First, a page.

TV: You recently wrapped production for the indie film Milkwater. In reading about the film, the Writer/Director, Morgan Ingari, talks a lot about challenging assumptions and opinions and giving a voice to people (and women) who are often reduced to a stereotype or a B-list character. What did it mean to you work alongside Morgan and to be part of a film like list?
MB: Morgan is one of the most confident people I have ever met in my life. It is amazing to know her because she is so bold. She just got her movie made, she got her dream team assembled. She is a fierce, fierce woman. Her guiding principle was that this was first and foremost a queer film made by a queer female filmmaker. She employed woman. We basically had a solidly female crew. All of the department heads were women. That was amazing, to work alongside her. You have to give over to that kind of ferocity and energy. We made this beautiful thing together and it was easy just to hop on board and do whatever she said.
TV: What is the importance of women supporting women for you?
MB: That is one of the great joys of being a woman: supporting other women. It’s unlike anything else. That’s also been one of the secret delights about realizing my own queerness. I have so many close, incredible female friends that I don’t want to sleep with, but I love them deeply and would step in front of busses for them and yet, I also love my partner, in this incredible way that I had never been able to love a man before.
Women are the coolest just like deeply the coolest creatures on the earth. Other than dogs. Maybe dogs then women.
TV: Tell us about a trying time in your career. What kept you moving and what pushed you forward to where you are today?
MB: I’d say the most trying time in my career was the very beginning. My first pilot season was pretty dark. It was very exciting, but it was also made me feel like, I will never be pretty enough, it will never work, Hollywood is for pretty people and pretty people only, there’s no room for quirkness or for me. It really dug deep. I went through the “I’m fat, I’m ugly” phase… it was so unlike me. It was really intense, and eventually I went upstate and spent a month with my favorite theater company, Siti Company, who are like my theater family. I adopted Henry, my dog, and I came back to New York a totally different woman. I just needed to be reminded of my own power as an artist and that my career will be whatever it’s going to be, but I have to stay true to myself and my heart. Ultimately, that’s what got me through it. The reality of Hollywood being a place for a certain kind of person is extremely daunting, and that feeling hasn’t gone away, but I just don’t engage with it anymore. I don’t give it as much power as I did when I was 24.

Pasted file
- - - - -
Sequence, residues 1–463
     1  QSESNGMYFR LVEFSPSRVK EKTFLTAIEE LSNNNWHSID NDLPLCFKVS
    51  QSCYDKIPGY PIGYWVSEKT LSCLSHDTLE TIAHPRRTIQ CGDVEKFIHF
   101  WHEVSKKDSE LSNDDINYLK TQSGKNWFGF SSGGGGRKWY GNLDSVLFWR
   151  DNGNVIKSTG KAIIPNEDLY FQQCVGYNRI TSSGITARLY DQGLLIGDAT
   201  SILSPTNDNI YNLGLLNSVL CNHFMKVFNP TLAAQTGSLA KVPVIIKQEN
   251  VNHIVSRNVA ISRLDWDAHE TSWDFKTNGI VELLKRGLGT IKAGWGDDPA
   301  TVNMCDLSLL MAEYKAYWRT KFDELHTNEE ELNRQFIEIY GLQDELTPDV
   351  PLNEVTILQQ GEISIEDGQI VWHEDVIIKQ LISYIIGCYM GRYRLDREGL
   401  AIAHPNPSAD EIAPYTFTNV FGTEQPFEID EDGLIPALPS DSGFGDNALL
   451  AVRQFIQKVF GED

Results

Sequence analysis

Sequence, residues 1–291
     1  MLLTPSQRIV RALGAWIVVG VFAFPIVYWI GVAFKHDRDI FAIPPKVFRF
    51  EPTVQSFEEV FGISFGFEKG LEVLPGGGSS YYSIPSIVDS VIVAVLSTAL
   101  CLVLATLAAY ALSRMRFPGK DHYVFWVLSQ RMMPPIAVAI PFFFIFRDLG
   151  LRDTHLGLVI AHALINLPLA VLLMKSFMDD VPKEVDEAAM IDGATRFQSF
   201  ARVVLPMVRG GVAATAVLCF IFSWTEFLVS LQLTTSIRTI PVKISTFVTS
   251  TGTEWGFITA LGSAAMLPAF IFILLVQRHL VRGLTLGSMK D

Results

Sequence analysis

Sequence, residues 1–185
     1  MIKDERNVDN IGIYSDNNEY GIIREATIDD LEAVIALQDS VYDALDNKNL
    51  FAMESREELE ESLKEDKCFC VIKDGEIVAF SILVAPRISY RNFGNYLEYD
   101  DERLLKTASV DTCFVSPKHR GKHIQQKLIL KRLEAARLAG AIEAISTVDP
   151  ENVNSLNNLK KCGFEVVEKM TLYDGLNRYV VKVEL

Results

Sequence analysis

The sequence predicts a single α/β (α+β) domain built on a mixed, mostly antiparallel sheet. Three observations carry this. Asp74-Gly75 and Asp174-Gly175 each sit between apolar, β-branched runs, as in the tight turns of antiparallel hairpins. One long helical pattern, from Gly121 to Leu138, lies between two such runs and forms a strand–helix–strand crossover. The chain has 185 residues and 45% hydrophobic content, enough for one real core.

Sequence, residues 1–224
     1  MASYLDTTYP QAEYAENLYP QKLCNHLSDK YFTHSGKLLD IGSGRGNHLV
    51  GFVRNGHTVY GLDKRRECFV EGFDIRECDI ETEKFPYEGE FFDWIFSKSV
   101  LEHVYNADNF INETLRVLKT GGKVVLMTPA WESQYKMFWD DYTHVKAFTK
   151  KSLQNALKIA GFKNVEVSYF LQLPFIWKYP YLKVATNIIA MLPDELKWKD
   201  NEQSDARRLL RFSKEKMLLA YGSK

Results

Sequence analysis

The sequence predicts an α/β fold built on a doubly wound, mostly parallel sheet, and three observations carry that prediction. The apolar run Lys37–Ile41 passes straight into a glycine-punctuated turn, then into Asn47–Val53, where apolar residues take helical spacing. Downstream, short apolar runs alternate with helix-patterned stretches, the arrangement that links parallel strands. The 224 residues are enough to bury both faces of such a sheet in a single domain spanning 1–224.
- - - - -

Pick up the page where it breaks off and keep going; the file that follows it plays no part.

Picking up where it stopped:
TV: What is the most important piece of advice you can share with women who are struggling right now?
MB: My most important piece of advice would be to have a strong community and to go to therapy. Learn some cognitive restructuring, because I know I struggle with very intense anxiety, without Cognitive Behavioral Therapy I wouldn't have the tools to reframe my thinking.
Spend good time with yourself; it’s really hard. It’s okay if you’re not feeling well right now. It will fall into place. Things didn’t get easy for me until I was almost 30. I worked really hard in therapy to learn how to live with it. No, overcome it. Not beat it, nothing like that, just learned how to let that anxiety be a part of my everyday life, too.
TV: In 50 years from now, what do you want to be remembered for?
MB: Oh wow. I guess for being a really strong, loving, talented actress who inspired other people to be healthy, good, and true to themselves.
You can catch Molly on TV Land’s Younger and make sure to follow her here for updates on all the awesome things she’s working on!
All photos courtesy of Peter Yang/TV Land